Do your rental properties need a landlord licence?

With so many regulations to comply with, it is easy for landlords to overlook, forget or be unaware of certain aspects which are required for their role. In recent times, there has been a significant increase in the number of licencing schemes launched by local councils.

Landlords must be aware these licences are not just for houses in multiple occupation, HMO. While HMO licences are mandatory, many local councils in England now run selective or additional licence schemes. You must determine if your rental property or properties require a landlord licence before you are informed you do, and you need to face the consequences.

Given that some landlords and property investors have found local councils to be quick to penalise landlords who don’t hold a licence, this is an area of your business; you cannot afford to overlook. Some councils have issued formal warnings, but landlords have been prosecuted. Therefore, you should be proactive in finding out if you need a landlord licence.

An annoying issue to contend with is that different councils apply different rules. Even when houses are close by, and are similar, if they fall under the jurisdiction of separate councils, there may be different rules in place. As an example, one council may require all private rented homes to have a licence whereas a neighbouring council may only ask for rental properties in certain neighbourhoods to hold a licence.

The cost of a landlord licence

With so many bills to pay, landlords are keen to keep their expenditure down. The average cost of a landlord licence is around £500, and this runs for five years. The cost of flouting the licencing laws varies by the council, and it is worthwhile checking with your local council to see what the deterrent in your area is.

Local councils can charge up to £30,000 for each offence. It is unlikely a council will charge this, the figure is more a deterrent for persistent offenders, but the size of the fine should be a warning for landlords.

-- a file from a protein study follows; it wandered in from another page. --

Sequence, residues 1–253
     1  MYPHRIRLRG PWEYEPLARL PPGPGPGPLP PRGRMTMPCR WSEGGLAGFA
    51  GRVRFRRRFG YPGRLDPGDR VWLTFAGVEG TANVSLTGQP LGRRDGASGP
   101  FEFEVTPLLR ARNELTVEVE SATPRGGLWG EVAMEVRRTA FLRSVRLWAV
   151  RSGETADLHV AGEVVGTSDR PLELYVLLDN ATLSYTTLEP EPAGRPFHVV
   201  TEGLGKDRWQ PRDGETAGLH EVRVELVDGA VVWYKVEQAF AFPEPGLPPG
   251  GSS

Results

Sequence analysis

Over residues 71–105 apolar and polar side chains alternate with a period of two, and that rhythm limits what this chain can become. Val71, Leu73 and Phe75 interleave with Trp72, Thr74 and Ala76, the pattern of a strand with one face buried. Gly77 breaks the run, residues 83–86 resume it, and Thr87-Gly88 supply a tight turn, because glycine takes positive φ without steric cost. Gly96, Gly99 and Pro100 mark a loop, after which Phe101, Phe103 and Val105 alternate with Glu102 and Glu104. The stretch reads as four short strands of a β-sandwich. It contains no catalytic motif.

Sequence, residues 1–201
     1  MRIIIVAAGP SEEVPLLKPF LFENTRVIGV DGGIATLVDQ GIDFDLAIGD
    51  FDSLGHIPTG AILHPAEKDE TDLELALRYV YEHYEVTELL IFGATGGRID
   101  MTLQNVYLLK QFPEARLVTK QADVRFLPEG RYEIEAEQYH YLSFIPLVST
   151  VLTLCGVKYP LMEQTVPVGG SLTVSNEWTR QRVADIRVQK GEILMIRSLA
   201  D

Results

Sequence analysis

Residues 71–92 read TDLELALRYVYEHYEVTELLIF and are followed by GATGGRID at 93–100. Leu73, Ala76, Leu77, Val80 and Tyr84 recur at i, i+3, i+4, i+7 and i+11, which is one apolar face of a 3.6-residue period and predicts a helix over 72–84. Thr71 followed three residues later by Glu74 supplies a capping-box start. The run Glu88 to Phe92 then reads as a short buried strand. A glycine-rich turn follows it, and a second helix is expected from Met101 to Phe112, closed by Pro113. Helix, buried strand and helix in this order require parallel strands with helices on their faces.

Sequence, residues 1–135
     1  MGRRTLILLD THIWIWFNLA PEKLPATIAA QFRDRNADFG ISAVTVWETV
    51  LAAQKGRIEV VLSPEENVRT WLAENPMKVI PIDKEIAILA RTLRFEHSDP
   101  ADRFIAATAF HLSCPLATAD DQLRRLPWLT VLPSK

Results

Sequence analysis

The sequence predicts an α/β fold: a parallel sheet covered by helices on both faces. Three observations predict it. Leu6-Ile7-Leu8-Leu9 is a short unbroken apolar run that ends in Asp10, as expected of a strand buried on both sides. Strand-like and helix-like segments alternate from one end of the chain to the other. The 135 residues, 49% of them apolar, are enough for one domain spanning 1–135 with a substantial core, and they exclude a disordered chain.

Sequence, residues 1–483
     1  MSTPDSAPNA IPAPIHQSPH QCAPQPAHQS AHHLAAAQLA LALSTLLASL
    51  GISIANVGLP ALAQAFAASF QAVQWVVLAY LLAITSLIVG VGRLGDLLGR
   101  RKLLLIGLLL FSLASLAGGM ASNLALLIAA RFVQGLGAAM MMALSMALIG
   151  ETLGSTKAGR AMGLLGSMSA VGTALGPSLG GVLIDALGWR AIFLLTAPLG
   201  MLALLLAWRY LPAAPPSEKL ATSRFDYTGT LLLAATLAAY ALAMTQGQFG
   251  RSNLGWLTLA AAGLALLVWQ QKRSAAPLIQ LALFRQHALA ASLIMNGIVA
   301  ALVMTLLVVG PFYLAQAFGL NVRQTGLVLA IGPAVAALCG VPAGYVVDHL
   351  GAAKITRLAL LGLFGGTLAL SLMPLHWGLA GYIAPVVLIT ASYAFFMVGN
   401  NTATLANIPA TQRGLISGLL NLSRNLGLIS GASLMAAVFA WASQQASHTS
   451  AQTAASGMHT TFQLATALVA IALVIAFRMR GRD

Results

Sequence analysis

Rogue landlords are targeted

There is a sustained approach to tackling rogue landlords, and this is a move welcomed by many in the industry. Removing rogue landlords from the sector increases consumer confidence, and it should provide landlords with more opportunities. Of course, if a law-abiding landlord fails to obtain a licence, for whatever reason, they are liable to be penalised in the same manner as a rogue landlord. However, in the long-term, law-abiding landlords should benefit from tighter controls in the letting industry.
As well as fines, local councils can impose a rent repayment order on landlords. Tenants who resided in a property owned by a convicted landlord can apply for a rent repayment order, which may refund rental payments up to 12 months previously.

Being a landlord is challenging, and there are more regulations and rules in place to protect tenants. If you need assistance in managing your property and determining if you need a licence, please contact Nationwide Accommodation Services Ltd, and we’ll be happy to help.


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